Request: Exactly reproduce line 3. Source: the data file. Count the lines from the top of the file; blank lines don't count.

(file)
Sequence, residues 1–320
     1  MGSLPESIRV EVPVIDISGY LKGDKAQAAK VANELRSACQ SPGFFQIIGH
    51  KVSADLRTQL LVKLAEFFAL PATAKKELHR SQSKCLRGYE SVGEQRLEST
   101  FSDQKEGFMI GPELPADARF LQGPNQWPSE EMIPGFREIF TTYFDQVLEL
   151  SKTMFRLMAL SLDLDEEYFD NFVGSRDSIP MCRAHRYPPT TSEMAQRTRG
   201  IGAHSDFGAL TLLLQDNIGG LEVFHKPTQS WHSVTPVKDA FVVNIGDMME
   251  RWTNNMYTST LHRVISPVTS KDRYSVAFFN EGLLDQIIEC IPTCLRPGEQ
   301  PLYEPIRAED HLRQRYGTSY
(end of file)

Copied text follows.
    51  KVSADLRTQL LVKLAEFFAL PATAKKELHR SQSKCLRGYE SVGEQRLEST